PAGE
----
Monday and Tuesday afternoon I did a lot of paperwork to catch up, but Tuesday and Wednesday morning I had my normal weekly botanical art classes. Everyone was very interested in the trip we had taken and most particularly in the catalogue from the Hunt Exhibition. Hopefully the catalogue will be motivational for some of the students.

At last on Wednesday I was able to get back to painting my crab apple series. Whilst we had been away, the Malus Golden Hornet crab apples had swelled up (luckily it has rained a little since we were away) and turned yellow. The apples are not fully ripe yet, but as this was the only painting where I had done no apples at all and very little preparatory sketches, it was the one picture I was most concerned about.

I had in fact actually started the painting before we went away. I had done a composition and finished most of the leaves, placing the apples roughly in accordance with measurements taken two years ago when starting the series. However, this year there has been little rain during the summer months and the fruit were not as big as originally allowed for. That aspect of the painting had to be sketched anew. A photo from the Malus Golden Hornet.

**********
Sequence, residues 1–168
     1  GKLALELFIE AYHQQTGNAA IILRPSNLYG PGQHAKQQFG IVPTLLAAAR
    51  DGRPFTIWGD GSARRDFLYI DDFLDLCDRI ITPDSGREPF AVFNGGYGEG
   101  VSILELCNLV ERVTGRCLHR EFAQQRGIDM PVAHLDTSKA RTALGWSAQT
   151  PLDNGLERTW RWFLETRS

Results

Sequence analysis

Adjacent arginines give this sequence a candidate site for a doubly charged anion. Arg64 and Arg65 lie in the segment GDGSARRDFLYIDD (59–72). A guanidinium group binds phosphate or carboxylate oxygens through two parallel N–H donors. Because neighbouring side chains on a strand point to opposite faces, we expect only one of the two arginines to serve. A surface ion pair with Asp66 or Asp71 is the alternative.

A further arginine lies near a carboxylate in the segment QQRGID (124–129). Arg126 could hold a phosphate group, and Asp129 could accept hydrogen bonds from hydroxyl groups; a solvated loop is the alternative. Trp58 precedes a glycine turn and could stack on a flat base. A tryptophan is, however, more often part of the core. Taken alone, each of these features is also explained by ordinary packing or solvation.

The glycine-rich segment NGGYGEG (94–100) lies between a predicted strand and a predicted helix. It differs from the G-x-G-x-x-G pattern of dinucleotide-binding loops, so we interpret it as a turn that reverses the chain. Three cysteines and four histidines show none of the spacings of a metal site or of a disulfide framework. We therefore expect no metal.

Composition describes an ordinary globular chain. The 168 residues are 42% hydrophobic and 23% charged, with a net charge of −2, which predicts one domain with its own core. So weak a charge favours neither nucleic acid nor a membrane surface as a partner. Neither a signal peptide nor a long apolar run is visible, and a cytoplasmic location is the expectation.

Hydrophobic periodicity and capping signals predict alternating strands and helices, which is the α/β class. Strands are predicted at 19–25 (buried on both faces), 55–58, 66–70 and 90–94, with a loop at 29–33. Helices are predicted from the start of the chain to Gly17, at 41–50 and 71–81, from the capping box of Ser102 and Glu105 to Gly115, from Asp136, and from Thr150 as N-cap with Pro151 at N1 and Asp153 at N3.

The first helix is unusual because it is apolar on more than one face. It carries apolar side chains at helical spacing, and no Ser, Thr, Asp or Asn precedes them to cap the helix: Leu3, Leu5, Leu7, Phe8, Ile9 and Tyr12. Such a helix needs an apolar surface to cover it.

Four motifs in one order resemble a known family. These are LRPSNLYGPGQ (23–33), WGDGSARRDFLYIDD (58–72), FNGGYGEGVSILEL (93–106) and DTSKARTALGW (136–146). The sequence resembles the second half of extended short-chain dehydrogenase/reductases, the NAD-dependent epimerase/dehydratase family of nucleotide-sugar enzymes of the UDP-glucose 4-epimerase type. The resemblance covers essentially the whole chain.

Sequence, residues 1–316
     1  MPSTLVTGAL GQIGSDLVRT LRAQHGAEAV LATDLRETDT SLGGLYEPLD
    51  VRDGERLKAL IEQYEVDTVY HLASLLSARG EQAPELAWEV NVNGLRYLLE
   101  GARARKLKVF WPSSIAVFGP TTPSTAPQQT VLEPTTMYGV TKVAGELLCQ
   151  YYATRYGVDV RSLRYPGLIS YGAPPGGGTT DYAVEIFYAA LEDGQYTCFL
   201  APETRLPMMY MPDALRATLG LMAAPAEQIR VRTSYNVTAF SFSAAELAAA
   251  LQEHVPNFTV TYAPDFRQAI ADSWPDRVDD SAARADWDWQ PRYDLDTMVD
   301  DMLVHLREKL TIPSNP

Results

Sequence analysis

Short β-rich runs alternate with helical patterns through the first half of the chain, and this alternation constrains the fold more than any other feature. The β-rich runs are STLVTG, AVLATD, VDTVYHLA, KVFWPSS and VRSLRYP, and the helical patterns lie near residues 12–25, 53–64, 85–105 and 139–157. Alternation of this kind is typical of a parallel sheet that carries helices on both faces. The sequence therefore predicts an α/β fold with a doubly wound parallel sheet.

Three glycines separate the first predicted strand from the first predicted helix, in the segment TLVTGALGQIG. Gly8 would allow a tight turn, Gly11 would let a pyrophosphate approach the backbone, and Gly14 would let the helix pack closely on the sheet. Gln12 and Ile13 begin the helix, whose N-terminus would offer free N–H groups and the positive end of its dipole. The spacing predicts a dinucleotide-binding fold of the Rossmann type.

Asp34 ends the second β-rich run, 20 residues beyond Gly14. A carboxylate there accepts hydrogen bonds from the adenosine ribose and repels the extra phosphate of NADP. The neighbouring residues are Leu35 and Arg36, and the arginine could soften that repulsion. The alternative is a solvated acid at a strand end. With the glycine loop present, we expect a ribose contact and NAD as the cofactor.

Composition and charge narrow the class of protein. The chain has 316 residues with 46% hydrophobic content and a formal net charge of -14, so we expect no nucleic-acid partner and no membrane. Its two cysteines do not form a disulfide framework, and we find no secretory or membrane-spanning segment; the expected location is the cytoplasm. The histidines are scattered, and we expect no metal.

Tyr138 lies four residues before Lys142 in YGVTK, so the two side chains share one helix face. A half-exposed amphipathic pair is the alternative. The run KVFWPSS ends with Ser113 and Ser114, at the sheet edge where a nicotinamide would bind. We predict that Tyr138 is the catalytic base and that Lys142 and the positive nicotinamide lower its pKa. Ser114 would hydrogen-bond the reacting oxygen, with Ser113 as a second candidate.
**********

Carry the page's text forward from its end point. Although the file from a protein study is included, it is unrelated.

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On Thursday morning it started getting really cold here (relatively speaking) and a wind was building up. The Malus Gorgeous, a lovely little tree near our front door, has quite big deep red crab apples. They were beginning to fall off the tree. Although I have painted a composition with this apple several times, I had started a different composition. I again have done most of the leaves, but need to paint the apples. The Malus Gorgeous.

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I felt it was now important to do a list of the pictures, detailing what was missing on each one and the urgency of each element. I don’t want to miss an important phase in the development of each apple because I was concentrating too much on one of the..